The union acknowledged it was not an aggrieved party, but then used surrogate plaintiffs in 13 other proceedings in an effort to quash the deal with Wegmans, the developer alleged.
The actions included a soon-dismissed lawsuit against the Maryland Department of the Environment, alleging the development constituted a nuisance. The union also appealed the granting of nine separate building and grading permits issued by the county but withdrew the appeals when Waugh Chapel South subpoenaed the union’s financial records, according to the developer’s complaint.
Judge William Quarles Jr. dismissed the developer’s suit against the unions in February 2012, finding it was barred under the Noerr-Pennington doctrine.
The doctrine — named for two Supreme Court decisions from the 1960s — generally bars entities from being sued in retaliation for exercising their right to petition the government for a redress of grievances.
But the 4th Circuit on Monday said the doctrine does not apply to petitions and lawsuits filed in a bad-faith effort to cause delay or compel the termination of a lease.
“Under this ‘sham litigation’ exception to the Noerr-Pennington doctrine, we hold that the pleadings and concomitant record evidence in this case, if credited by a factfinder, are sufficient to show that the unions have abused their right to petition the courts beyond the point of constitutional protection,” Diaz wrote.
The 4th Circuit also rejected the union’s argument that the ruling should be upheld because Waugh Chapel has suffered no injury as a result of the alleged bad-faith filings: Wegmans is a tenant of its center, the Village of Waugh Chapel.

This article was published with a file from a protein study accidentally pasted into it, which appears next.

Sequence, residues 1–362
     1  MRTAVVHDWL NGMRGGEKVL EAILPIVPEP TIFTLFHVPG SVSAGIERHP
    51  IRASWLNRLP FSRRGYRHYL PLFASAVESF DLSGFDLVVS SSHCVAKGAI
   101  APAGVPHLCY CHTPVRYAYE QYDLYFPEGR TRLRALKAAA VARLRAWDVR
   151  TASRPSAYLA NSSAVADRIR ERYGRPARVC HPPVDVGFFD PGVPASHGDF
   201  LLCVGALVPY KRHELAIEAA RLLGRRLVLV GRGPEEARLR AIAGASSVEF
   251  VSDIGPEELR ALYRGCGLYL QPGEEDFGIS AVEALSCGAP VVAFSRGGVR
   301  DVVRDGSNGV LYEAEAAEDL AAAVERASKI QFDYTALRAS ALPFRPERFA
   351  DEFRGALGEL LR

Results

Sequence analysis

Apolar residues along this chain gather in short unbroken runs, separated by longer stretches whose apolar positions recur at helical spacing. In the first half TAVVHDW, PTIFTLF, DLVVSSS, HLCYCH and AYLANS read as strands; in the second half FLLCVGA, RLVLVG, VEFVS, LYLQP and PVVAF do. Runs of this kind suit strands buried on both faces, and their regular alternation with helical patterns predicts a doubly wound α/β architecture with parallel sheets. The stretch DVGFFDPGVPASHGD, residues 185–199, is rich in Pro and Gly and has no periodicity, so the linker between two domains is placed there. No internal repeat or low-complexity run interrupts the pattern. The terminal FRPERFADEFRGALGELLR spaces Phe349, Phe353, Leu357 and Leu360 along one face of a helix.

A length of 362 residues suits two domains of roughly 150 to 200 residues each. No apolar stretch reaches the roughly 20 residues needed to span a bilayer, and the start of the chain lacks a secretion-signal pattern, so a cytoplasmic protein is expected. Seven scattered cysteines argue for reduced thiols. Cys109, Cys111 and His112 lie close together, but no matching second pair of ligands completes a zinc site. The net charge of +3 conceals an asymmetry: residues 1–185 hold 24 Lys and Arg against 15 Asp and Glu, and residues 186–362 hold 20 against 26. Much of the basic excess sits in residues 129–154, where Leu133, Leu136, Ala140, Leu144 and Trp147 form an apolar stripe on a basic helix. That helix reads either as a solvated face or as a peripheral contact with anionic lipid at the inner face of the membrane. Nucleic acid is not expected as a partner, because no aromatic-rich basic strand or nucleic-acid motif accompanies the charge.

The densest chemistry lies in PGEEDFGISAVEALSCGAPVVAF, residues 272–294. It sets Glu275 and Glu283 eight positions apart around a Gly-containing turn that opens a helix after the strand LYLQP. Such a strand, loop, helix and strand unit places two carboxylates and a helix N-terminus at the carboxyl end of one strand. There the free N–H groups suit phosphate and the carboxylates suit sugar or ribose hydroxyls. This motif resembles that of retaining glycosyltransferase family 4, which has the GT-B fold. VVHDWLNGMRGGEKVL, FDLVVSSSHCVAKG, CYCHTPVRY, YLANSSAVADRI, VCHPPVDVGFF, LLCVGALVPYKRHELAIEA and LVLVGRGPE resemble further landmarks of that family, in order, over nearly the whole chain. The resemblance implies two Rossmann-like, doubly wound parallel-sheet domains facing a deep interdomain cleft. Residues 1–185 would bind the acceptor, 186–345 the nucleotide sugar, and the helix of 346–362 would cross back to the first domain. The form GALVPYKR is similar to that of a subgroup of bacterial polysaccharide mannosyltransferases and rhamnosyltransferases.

“Because successfully halting the project would defeat any sham litigation argument in the first place, this ‘heads I win, tails you lose’ theory … would nullify the sham litigation exception altogether,” Diaz wrote.
On remand, the trial court must “conduct a holistic evaluation of whether the administrative and judicial processes have been abused” by the union’s filings, the 4th Circuit wrote.
The union’s only success was its challenge to the County Council’s approval of tax increment financing bonds to fund the shopping center.
The union successfully argued that the TIFs were invalid because no hearing had been held. But that victory was short lived as the council held a hearing and the TIFs were again approved, the 4th Circuit said.
WHAT THE COURT HELD
Waugh Chapel South LLC et al. v. United Food and Commercial Workers Union Local 27 et al., US4th No.12-1429. Published. Opinion by Diaz, J. Argued May 16, 2013. Filed Aug. 26, 2013.
Did the trial judge err in dismissing a developer’s claim that a union’s legal challenges to a development were filed in bad faith and violated the Labor Management Relations Act?
Yes; the First Amendment does not protect ‘sham litigation’ and a trial should be held to determine if the union’s challenges were filed in bad faith.
Ira L. Oring for Plaintiffs-Appellants; Michael T. Anderson for defendants-appellees.
RecordFax # 13-0826-60 (30 pages).